Tuesday, February 19, 2013

For The Love of the Video Game

I have a confession to make - I am a woman and I enjoy video games.  Yes, it's true and I am not ashamed!  I grew up playing on Atari and Nintendo systems.  Now, thanks to the hubs, I have moved on to bigger and better systems like XBox 360, Playstation 3 and the Wii.  In fact, just a few weeks ago we were pulverizing each other in the latest version of Mortal Kombat and causing complete chaos in an old 360 game called Burnout - it's the safest format of road rage you'll ever encounter!  So, it stands to reason that I wholeheartedly support children playing video games.  I know a lot of people think that this leads to kids being obese and lazy, but as long as there is moderation (like with everything else in life) I say, let them play!  In my opinion, video games are fun and really can serve a good purpose in your child's life. 

Aside from educational value, video games are great for "rainy day" entertainment.  The Wii has literally saved my sanity on more than one occasion!  Since their toddler stage, the twinks have proven that they will become little tasmanian devils if they don't have some form of physical activity.  HALLELUJAH! for the Wii and all their sports and playground themed games!!  From golfing to dodgeball, the twinks can be thoroughly entertained for the full 1 - 1 1/2 hours they're allowed to play.  As an added bonus, the only drink they request while playing is water! Yes, WATER!!!  I don't know too many 6 years old that willing seek this out on their own, so I definitely consider this to be an added bonus! 

In addition to the active (physical) games, there are some great benefits to games that are simply played for the fun of gaming.  For instance, my little Mini Me has been developing her fashion design skills on her Nintendo 3DSXL with a Bratz video game that allows her to create outfits and sell them in her own boutique!  This has led to her expressing herself more creatively in paper drawings by using more colors, creating patterns and even illustrating action scenes (ever seen a bunny jumping out of a tree?! I have now!) I know you're probably thinking "Big deal - the kid is drawing more" but when you consider that she used to struggle with even making simple stick figures, this is a big deal!  As for my son, if he's not saving the world as one of his favorite super heroes,  then he's playing a key position on one of his favorite sports teams (mainly the Washington Redskins or the Capitals!)  What I've noticed with both of them is that aside from enhancing their hand-eye coordination and critical thinking skills (yes, even video game football requires critical thinking), the completion of goals and winning trophies in these "just for fun" games has increased my children's confidence.  Sure, it's a bit superficial, but to be honest, I don't care - my children enjoy feeling a sense of accomplishment and I enjoy celebrating their virtual victories!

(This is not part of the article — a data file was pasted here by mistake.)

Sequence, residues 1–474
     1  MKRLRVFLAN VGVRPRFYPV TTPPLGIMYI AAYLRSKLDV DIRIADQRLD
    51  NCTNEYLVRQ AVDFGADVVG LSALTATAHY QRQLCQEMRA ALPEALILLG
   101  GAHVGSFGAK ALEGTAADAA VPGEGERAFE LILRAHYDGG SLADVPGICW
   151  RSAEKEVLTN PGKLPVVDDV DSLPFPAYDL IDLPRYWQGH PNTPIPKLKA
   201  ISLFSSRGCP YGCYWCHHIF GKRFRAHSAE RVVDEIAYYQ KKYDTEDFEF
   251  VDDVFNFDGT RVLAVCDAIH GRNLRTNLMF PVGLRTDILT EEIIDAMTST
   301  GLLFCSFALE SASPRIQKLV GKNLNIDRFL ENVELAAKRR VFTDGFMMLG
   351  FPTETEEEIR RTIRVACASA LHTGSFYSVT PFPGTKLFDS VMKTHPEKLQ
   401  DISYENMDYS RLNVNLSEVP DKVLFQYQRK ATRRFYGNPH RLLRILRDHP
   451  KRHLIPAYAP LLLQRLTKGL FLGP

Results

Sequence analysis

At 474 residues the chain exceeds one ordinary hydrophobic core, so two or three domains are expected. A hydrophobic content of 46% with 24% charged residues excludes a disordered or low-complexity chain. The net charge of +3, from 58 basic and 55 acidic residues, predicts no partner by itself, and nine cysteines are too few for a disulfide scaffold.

Which brings me to the last and most important point I'd like to make today - playing video games is a great opportunity for parents to bond with their children.  What's that?  You don't have time for video games? Oh, they aren't your "thing"?  Well, whether we want them to be or not, video games are very much a part of the 21st Century child's life.  Why not take the time to explore them with your child, instead of allowing someone else to do it for you?  Trust me, it will happen - whether at a play date or a family gathering, your child will discover the art of gaming.  Instead of dreading it, think of it as your chance to show your kids that they can have fun with you, too - you're not just a disciplinarian, who makes and enforces rules ALL the time.  Furthermore, you can teach your child the very valuable lesson of how not to be a sore loser or an ungracious winner.  I think we all can agree that this is a lesson that is better learned in the safety of your home than on the sometimes cruel school playground. 

Now, of course, I am speaking strictly from my own experiences.  Will you and your child's experience be the same as mine? Maybe...maybe not, but you won't know until you've tried.  Also, I'm not saying that there shouldn't be any rules about playing either.  The twinks game playing is mostly reserved for weekends and holidays.  If they are allowed to play during the week, they must first earn the privilege by doing reading or writing homework that I assign to them and to the level of my expectations (which are higher than their teacher's.)  And, please, make sure that your children are only playing the games that are appropriate for their age group.  No matter how much they think they can handle it, NO toddler or kindergartner should be given a Resident Evil or Call of Duty type game.  So, now that I've shared my point of view, let's hear yours....

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